“My dear cousin, I see you have developed a sense of humor along the way.  Maybe your foolish, red-headed friend has taught you that.”

Niv felt anger surging within her, and she freely allowed it to collect, gathering with an unfettered intensity that rivaled the emotions she had felt after Vorea had taken her mother.  The anger crackled with energy as it built until a subtle glow of white with a shade of pink was emanating from her skin.  It swirled around her amulet, causing it to glow with a red hue.  She raised her hands and pointed them at Vorea, putting every ounce of effort she could assemble into a tremendous blast.

Most of the energy poured through Vorea’s visage, but some of it seemed to forcefully interact with her, causing a slightly worried expression on Vorea’s face.  As Niv continued her assault, Farius raised his hands and joined her, pulling essence from the fire and mingling it with a small vortex of dust and dried leaves, assembling it into a growing flaming tempest, and hurling it at her, pushing her back.  Vorea cried out when it hit her, and she struggled to regain her footing.

“You troublesome fools!  You’re not strong enough to stop me,” Vorea yelled as she raised her hands.  Dark energy emerged from her hands and flew over the campfire, knocking Farius and Niv to the ground.  Vorea took advantage of the situation and reached out to Perkins.

“You’re coming with me, you miserable failure!” Vorea said as she grasped Perkins by the neck with her hand.  He was lifted up by his feet and pulled into the portal with Vorea.  The portal swirled about violently until it collapsed into a single point, and some of the dust that Perkins had thrown into the air began to pour from it, glittering down to the ground as it caught light from the campfire.

Come back in 4-5 days to read the next chapter for FREE!  Follow me on Twitter, Facebook, or subscribe to my newsletter to receive updates when new content is posted.

The Bravest of Souls – Chapter 40

You are reading the entire fortieth chapter of The Bravest of Souls. Subsequent chapters will be posted once every 4-5 days, so check back soon!

Want to start at the beginning?  See the table of contents.

Niv and her companions continued their journey to Lahara.  Fall was upon them, yet it already seemed like winter.   The rains that plagued them had given way to snow, which in some ways was easier to manage.  Niv would eagerly await snow when she lived back home, but she knew it would only make their travel that much more difficult.  Fortunately, the snow showers were lighter than the rains, so there wasn’t much accumulation, and it easily melted during the day.

Each time they stopped, Farius would survey the ground for herbs that would help the proctor’s infected wound.  Niv asked if she could assist him, and he welcomed the help.  He described the particular plants he was looking for in great detail, including leaf shapes and designs that the veins made in them.  He took what beneficial herbs and roots they could find and made a poultice, and placed it on her wound.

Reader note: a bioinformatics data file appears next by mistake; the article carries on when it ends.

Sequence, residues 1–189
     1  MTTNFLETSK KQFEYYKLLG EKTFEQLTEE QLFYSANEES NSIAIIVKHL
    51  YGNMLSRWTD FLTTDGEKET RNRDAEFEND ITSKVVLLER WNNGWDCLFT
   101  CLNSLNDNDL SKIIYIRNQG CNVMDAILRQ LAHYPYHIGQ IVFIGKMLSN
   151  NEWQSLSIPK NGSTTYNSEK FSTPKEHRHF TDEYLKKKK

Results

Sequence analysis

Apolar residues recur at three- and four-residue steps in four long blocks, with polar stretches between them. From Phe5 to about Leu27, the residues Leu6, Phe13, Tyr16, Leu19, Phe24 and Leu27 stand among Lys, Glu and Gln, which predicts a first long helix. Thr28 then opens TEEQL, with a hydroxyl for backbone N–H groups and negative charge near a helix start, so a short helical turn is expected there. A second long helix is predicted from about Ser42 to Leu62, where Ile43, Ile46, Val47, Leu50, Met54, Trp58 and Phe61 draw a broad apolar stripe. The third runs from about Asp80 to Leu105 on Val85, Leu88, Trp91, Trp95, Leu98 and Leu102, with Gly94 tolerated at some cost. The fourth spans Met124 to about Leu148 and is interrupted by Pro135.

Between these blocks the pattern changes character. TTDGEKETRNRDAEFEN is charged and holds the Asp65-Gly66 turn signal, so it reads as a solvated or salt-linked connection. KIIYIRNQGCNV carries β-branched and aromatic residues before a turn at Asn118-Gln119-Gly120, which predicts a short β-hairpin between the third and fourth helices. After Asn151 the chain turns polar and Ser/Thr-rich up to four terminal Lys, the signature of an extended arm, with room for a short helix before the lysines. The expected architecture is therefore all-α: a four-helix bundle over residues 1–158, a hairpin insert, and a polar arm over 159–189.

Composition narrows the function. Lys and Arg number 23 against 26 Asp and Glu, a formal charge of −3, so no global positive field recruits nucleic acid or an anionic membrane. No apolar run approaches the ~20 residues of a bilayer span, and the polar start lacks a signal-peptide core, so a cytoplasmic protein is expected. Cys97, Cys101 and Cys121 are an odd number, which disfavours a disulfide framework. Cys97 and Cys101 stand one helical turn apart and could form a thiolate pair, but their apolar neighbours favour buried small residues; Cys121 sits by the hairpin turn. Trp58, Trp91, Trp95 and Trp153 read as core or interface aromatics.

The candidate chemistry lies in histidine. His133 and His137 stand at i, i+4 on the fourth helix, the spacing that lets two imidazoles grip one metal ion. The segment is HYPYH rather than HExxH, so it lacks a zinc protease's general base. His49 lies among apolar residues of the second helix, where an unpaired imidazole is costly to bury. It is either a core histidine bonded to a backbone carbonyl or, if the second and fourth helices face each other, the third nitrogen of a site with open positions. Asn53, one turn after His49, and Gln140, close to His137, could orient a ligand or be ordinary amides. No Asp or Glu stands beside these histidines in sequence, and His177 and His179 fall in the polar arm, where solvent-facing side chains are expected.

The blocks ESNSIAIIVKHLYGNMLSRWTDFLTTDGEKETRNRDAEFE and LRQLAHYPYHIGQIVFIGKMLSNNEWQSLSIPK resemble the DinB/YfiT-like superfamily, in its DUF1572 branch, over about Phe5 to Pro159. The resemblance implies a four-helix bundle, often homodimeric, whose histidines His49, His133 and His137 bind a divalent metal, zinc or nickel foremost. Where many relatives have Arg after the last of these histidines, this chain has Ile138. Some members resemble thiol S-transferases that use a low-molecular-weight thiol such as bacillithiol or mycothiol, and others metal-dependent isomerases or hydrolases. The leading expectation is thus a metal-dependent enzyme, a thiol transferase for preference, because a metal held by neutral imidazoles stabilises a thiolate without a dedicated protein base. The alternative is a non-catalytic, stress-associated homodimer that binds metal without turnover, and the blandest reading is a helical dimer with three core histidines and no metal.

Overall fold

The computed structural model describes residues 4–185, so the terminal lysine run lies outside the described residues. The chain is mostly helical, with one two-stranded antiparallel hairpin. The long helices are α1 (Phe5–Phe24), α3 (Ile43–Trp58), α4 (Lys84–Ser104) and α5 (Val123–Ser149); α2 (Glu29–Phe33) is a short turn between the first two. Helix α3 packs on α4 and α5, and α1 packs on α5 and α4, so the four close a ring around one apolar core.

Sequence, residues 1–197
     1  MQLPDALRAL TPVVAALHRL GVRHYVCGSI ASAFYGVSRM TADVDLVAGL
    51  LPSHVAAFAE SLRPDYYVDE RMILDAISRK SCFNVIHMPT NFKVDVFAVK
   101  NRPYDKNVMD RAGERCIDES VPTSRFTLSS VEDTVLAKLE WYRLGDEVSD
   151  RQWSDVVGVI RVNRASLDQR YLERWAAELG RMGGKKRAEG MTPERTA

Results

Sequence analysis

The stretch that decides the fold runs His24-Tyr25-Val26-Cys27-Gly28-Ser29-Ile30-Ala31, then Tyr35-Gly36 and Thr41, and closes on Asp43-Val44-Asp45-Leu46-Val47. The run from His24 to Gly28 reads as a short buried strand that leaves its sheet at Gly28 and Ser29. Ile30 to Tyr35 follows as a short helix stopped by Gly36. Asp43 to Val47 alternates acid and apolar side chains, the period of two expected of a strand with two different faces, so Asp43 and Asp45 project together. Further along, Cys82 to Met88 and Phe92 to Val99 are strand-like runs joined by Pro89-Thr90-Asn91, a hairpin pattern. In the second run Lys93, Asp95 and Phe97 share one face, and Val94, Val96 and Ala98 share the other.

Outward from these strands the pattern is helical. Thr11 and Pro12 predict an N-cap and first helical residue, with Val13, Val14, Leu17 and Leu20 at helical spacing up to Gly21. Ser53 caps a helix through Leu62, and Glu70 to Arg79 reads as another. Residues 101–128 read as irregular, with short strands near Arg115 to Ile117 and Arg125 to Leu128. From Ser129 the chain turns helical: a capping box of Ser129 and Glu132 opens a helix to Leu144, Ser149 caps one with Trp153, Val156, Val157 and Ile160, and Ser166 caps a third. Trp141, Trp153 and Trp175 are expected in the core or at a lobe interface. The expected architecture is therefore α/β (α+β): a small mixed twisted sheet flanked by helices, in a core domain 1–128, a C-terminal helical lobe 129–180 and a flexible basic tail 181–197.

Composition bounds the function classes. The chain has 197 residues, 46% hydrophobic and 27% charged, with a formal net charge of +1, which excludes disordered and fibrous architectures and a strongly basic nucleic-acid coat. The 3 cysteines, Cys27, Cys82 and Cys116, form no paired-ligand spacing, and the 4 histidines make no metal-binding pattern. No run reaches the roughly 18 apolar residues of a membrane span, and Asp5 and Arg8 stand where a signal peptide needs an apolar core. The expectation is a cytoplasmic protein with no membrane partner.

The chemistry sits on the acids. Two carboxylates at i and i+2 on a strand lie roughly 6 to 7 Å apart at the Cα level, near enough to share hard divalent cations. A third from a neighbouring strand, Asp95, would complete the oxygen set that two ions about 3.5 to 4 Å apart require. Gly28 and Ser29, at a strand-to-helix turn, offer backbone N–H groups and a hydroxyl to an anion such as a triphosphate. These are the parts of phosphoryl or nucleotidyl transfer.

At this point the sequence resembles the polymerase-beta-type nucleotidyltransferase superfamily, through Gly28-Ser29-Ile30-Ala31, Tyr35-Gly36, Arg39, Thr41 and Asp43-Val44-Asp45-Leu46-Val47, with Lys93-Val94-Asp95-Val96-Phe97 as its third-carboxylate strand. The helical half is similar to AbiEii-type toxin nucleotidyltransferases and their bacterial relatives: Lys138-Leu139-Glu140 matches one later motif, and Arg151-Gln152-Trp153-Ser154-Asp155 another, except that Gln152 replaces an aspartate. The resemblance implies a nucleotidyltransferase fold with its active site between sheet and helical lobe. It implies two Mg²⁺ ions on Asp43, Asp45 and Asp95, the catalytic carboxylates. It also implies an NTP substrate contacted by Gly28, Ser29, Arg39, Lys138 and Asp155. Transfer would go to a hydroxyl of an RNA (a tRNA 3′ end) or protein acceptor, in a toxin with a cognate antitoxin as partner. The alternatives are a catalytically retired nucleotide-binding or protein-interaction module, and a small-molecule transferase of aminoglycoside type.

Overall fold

As they parted from the distant mountains that graced their eastern view, they made their way over various foothills that eventually flattened into the plains of Lahara.  As the plains encroached, the trees became less numerous.  In their place, smaller bushes and shrubs lined the road and dotted the landscape.  Some shrubs grew together to form clusters of thick overgrowth.

Niv missed the trees, having grown up in a forest.  The canopy they formed sheltered her from the elements and provided an intricate array of life on each branch.  Even before her mother had unsealed her powers, she felt the energy of the life around her in her favorite spot in the woods.  It was comfortable and familiar, offering solace when she was upset or concerned.  The lack of the forest and the trees’ energetic embrace made her feel more vulnerable.

She did enjoy the view of the open sky at night, when the weather allowed.  Aiden was quite versed in star lore, showing Niv the prominent stars and constellations and explaining the stories behind them.  Aiden and Niv became more creative in finding ways to spend time alone, but Aiden’s fear of Farius’s disapproval hung over them like a cloud.

One evening, the two went walking a ways from camp.  They had grown accustomed to doing this, talking along the way and discussing the stars and celestial objects they could see whenever the clouds cleared up enough.  The air at night had become very cold, and Niv’s traveling cloak wasn’t keeping its chill out as well as it once had.  They found an area where a slightly rocky incline cleared the dormant tall grass of the plains.  Her teeth were chattering, so Aiden took off his cloak and wrapped it around her, trying to warm her up.

Niv smiled and looked at Aiden.  “You’ll be cold now.  I want us both to be warm.”

“I’m more concerned that you are comfortable.”

Niv appreciated the gesture, but didn’t feel right having two cloaks around her.  She felt him shiver a bit through his tense muscles, but he did his best to avoid her noticing.

“Enough of this chivalry,” Niv protested as she stood up, took the cloak off, and wrapped it back around Aiden.

Aiden started to insist as he lunged forward to get up.  Niv pushed him back down, sitting on her crossed legs.

“I’m more concerned that you are comfortable,” Niv said coyly, putting her arm around his shoulder.

Aiden shook his head and smiled, realizing that any attempt to reverse the situation would be in vain.  He returned her embrace as the two resumed their gaze at the sky.

“Winter has come too early,” Aiden said.  “I’m sure you expected to be close to Selandis, by now.”